I got an e-mail from a friend this weekend with a link in it to a Gizmodo article titled "The Triceratops Never Existed, It Was Actually a Younger Version Of Another Dinosaur.
I have an exam tomorrow, so I don't have a whole lot of time to blog today, but I had to write something given the content of Friday's post. I check Gizmodo most days of the week, and really enjoy their articles and reviews, but maybe they should stick to technology and gadgets. When it comes to paleontology, they are way off the mark. (Above, Torosaurus (top) and Triceratops (bottom) the subjects of the study, as reconstructed by Nobu Tamura, from Wikimedia Commons.)
Here's the real (short) story. Paleontologists Jack Horner and John Scanella recently published a paper in the Journal of Vertebrate Paleontology stating that a species of ceratopsid dinosaur known as Torosaurus is the same animal as another more familiar species of ceratopsid dinosaur, Triceratops (2010). Both are from Late Cretaceous western North America, and both are remarkably similar from the neck back. The only differences were seen in the large ornamented skulls of the animals. Horner and Scanella proposed that Torosaurus was actually a mature adult specimen of Triceratops and that the difference in the shape of the skull was the result of bone remodeling as the animal aged (2010). This would also explain why Torosaurus is less abundant in the fossil record than Triceratops. The evidence seems pretty convincing, and this is the perfect example of how science can change our understanding for the better. New information comes along, and ideas change. This hypothesis could be correct or incorrect, and our knowledge can change again as more information comes to light. Sounds more than reasonable to me. Check out the paper, it's pretty good.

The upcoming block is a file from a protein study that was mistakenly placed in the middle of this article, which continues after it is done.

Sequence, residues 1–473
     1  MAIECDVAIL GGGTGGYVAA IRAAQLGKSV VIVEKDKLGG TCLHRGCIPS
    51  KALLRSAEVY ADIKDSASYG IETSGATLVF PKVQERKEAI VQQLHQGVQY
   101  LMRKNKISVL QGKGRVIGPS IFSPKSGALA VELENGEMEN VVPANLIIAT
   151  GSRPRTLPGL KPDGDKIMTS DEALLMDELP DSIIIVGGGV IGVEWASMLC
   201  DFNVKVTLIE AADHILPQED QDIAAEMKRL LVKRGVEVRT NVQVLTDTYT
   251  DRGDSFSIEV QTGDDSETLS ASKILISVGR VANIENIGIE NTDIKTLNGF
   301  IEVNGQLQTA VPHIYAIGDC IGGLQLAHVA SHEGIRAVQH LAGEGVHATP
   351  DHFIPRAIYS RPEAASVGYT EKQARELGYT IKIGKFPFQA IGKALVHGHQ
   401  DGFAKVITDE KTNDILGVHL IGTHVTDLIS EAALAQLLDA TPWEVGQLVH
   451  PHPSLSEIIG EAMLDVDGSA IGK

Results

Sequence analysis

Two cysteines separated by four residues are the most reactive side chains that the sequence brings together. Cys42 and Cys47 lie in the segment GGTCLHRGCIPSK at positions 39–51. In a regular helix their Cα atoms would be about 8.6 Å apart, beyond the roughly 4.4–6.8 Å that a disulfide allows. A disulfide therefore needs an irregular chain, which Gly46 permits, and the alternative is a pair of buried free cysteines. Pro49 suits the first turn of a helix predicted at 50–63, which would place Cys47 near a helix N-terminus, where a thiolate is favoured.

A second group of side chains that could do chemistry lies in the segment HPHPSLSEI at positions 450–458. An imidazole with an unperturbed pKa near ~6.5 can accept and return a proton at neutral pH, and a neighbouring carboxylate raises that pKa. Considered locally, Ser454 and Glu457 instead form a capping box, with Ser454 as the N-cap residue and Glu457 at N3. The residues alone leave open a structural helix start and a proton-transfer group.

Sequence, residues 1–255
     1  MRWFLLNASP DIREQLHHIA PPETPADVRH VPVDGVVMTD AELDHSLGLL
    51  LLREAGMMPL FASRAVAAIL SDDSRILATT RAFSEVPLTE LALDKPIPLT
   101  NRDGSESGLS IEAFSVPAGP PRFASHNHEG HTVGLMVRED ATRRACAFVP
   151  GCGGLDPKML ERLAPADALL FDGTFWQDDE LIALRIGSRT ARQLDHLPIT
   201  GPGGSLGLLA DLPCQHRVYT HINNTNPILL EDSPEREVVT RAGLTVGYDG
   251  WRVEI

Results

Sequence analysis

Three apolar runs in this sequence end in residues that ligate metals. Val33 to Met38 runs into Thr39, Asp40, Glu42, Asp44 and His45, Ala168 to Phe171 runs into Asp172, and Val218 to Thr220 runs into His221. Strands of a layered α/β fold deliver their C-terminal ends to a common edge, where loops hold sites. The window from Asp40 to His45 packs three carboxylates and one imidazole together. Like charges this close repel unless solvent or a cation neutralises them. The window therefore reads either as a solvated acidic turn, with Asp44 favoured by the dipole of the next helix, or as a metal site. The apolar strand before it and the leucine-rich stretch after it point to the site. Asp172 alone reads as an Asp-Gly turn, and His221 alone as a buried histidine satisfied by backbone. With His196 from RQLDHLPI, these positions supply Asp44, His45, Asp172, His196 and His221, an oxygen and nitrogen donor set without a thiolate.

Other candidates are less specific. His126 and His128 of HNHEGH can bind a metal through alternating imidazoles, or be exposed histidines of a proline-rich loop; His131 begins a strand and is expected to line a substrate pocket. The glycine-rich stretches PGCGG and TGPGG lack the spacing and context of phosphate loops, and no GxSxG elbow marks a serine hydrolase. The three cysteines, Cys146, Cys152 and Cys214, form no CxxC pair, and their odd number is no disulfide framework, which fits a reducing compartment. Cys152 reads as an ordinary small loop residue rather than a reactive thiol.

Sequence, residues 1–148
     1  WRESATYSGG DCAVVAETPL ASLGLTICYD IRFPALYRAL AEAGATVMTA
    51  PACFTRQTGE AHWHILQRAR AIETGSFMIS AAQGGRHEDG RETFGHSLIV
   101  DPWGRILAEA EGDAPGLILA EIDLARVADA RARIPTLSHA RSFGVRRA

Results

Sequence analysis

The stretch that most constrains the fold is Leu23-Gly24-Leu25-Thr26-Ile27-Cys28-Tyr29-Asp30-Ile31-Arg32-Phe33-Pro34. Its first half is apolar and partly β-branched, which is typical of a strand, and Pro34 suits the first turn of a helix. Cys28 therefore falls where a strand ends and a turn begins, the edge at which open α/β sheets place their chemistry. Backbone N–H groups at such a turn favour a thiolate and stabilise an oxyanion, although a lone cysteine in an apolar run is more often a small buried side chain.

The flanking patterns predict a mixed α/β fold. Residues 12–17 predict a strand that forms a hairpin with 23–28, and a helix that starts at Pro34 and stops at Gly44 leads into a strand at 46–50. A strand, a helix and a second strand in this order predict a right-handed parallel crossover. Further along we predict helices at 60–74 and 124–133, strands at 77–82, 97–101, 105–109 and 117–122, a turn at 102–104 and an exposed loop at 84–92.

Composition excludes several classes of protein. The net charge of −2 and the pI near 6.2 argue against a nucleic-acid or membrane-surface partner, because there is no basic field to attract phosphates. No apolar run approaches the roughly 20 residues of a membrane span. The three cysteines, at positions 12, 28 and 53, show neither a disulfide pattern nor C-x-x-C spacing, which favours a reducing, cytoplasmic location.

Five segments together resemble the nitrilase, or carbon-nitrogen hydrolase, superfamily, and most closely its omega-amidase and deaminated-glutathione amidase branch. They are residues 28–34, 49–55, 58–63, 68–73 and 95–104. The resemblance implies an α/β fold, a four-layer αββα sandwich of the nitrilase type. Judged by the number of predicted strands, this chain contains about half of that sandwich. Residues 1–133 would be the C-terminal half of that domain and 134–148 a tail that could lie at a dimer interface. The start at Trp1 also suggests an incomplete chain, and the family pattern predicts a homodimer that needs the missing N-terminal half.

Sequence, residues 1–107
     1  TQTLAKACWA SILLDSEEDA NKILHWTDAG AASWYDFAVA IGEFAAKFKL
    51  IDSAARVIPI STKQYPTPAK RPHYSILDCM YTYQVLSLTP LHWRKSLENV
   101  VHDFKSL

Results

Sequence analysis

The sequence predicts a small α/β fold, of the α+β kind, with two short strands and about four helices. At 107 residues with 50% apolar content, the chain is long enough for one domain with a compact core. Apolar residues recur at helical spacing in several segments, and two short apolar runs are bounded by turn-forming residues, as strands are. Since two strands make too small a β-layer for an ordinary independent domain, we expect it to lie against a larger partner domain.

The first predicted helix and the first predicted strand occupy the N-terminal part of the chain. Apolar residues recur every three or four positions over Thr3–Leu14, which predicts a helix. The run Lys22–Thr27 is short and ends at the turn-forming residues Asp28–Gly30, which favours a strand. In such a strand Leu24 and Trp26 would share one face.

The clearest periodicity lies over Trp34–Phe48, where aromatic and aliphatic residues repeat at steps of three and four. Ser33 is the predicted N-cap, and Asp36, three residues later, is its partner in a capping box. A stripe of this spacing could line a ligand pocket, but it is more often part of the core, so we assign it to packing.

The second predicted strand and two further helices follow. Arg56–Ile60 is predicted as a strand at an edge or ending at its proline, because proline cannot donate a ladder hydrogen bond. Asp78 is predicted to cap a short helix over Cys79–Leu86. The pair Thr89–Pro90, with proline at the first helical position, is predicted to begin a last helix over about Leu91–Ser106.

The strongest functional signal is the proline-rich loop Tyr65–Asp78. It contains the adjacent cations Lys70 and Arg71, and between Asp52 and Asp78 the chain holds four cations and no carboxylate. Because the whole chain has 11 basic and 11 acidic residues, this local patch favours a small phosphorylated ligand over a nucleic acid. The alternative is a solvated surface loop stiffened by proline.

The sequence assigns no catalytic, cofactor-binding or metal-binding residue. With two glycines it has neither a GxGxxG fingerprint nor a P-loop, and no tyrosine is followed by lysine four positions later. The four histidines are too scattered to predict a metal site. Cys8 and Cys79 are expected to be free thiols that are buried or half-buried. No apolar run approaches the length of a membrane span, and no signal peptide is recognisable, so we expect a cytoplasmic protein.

So what does this mean? Well it doesn't mean that Triceratops will be vanishing as most of the internet would have you believe. If anything, Torosaurus will be the one to go, and it will now be known as Triceratops. That is because Triceratops was named in 1889, and Torosaurus wasn't named until 1891. Since Triceratops was named first, it is the name that will stay. So Torosaurus will go the way of Brontosaurus (now known to be Apatosaurus). And since most people don't know what a Torosaurus is, there shouldn't be any cause for alarm. Again, media outlets of the world, I love that you want to report on paleontology and get people interested in science, but please check your facts first. You are doing everyone a disservice by reporting false information. For your convenience, here is another link to the article, and you'll find a complete reference at the bottom of the page here. You're welcome.
Scannella, J. & Horner, J. 2010. Torosaurus Marsh 1891, is Triceratops Marsh, 1889 (Ceratopsidae: Chasmosaurinae): synonymy through ontogeny. Journal of Vertebrate Paleontology, 30 (4), 1157-1168.
David Orr of Love in the Time of Chasmosaurus and Brian Switek of Dinosaur Tracking both have coverage on this topic as well. Check out the posts!
***UPDATE 03 AUGUST***
Matt Martinyuk of DinoGoss keeps it short and simple: "Triceratops Exists, Learn to Read". Backstory and review of the paper here.
****UPDATE 05 AUGUST****
Brian Switek over at Dinosaur Tracking says to relax. I agree.
*****UPDATE 11 AUGUST*****
This is still going on! David Orr has the last word over at Love in the Time of Chasmosaurus. "TriceraFAIL"... I like that.